Using Utility Theory to Optimize a Salary Incentive Plan for Grant-Funded Faculty

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Abstract

Purpose.

Few salary incentive plans for academic health center faculty funded primarily by research grants exist, and hence the optimal structure for such plans is uncertain. The author examined the impact of incentives and the optimal structure for a salary incentive plan for a group of research faculty at the Yale University School of Medicine (Yale).

Method.

A three-part instrument was delivered to a convenience sample of 40 faculty to determine the impact of their risk aversion on two salary plans. Utility theory was used to quantify their preferences for the Expense Model (salary bonuses are paid from direct costs of the research award) and the No Expense Model (salary increases are funded from another source). Outcomes were projected for both models over a range of funding probabilities.

Results.

In all, 27 faculty responded. On average, Yale faculty had risk-averse (and therefore unfavorable) attitudes towards the Expense Model, with substantial variability in response depending on rank. In contrast, Yale faculty had more homogeneous risk seeking (and therefore favorable) responses to the No Expense Model. Cost recoveries were greatest for the No Expense Model.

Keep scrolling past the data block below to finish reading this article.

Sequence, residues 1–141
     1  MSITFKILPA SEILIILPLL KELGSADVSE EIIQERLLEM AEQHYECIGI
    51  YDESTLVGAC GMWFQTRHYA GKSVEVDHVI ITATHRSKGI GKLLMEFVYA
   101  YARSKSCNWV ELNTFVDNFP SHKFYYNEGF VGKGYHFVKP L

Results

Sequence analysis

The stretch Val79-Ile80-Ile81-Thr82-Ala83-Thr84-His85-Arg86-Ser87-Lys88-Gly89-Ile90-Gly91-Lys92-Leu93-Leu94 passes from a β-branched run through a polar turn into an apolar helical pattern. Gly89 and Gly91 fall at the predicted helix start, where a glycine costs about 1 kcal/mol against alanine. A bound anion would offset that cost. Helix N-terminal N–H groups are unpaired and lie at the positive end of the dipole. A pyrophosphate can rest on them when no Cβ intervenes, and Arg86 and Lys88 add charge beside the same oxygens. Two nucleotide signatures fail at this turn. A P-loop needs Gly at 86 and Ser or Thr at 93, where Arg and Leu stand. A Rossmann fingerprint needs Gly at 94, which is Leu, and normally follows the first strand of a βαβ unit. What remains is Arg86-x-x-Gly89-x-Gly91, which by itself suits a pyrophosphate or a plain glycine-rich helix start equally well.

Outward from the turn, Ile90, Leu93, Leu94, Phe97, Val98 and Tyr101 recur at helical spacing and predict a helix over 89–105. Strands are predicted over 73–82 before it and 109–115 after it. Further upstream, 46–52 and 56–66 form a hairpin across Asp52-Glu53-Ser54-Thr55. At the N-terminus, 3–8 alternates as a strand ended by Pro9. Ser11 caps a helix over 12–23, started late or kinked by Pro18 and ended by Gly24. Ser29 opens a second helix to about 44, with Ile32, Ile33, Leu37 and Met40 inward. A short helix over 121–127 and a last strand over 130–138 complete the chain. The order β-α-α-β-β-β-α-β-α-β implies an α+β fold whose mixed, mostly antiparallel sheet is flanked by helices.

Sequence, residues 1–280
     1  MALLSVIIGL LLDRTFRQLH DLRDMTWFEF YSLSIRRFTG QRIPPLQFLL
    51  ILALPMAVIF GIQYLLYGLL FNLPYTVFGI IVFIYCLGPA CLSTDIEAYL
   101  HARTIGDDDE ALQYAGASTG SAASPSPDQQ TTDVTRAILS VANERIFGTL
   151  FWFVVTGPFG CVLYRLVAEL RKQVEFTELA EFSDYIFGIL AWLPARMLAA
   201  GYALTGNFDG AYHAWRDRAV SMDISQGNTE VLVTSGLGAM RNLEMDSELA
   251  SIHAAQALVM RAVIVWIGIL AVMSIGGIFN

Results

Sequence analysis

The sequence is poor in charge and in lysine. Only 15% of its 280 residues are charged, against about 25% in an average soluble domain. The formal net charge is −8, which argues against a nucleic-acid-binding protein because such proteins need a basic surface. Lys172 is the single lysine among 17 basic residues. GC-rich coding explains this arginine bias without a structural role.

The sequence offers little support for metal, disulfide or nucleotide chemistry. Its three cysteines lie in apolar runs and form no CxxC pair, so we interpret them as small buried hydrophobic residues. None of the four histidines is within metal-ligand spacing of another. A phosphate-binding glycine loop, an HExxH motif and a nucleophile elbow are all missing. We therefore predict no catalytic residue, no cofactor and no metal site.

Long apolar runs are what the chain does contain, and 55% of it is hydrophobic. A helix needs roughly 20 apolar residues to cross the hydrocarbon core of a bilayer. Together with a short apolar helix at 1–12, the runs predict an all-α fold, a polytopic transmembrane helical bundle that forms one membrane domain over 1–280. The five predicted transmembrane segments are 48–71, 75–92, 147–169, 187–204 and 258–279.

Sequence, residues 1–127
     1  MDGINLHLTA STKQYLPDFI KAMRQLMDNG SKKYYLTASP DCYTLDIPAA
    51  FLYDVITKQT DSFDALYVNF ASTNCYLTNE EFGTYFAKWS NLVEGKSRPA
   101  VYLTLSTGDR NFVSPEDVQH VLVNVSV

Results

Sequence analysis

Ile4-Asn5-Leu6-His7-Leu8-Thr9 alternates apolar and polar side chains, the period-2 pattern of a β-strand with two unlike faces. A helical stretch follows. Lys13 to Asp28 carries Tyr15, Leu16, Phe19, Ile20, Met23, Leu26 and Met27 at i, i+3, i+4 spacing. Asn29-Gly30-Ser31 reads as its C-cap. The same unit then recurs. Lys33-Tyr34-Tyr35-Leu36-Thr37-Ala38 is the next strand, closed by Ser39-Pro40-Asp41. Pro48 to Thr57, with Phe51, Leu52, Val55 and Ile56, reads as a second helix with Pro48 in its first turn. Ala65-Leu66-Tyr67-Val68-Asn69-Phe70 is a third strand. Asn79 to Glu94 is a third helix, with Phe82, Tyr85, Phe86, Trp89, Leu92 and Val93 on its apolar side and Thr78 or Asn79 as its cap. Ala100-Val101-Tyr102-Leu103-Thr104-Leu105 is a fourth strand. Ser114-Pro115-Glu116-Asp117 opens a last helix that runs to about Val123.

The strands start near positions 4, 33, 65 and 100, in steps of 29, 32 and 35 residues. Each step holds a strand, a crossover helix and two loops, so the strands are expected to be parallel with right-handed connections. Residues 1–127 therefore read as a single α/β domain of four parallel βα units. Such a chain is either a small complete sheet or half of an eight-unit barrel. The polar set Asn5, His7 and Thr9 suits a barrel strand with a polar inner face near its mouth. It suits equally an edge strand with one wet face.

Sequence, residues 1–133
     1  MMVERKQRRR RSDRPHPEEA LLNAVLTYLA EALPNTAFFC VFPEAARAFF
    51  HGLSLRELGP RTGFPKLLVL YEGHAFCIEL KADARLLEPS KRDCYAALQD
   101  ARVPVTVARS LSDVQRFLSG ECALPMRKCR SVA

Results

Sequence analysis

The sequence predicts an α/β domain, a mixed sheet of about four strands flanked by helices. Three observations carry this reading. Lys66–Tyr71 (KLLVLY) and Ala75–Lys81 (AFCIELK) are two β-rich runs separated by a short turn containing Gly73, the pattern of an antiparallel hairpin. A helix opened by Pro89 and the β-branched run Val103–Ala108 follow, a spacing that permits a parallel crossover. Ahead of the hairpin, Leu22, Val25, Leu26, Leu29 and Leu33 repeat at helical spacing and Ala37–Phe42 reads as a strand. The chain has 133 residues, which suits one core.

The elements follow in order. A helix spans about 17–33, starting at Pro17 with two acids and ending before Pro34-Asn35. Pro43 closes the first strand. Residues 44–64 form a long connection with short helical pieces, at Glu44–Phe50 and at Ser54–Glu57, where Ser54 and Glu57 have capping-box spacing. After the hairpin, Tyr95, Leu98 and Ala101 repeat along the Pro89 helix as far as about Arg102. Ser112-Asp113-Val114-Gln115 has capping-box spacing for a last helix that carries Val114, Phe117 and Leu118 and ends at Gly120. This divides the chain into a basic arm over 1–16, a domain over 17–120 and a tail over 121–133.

Conclusions.

Utility modeling demonstrated that the optimal incentive payment for the Expense Model is substantially greater than for the No Expense Model, and increases as the probability of obtaining funding with diligent effort declines. For purposes of both equity and efficacy, the No Expense Model appears preferable to the Expense Model. Modeling can be used to determine optimal incentive-plans and bonus-payment magnitudes for research faculty.

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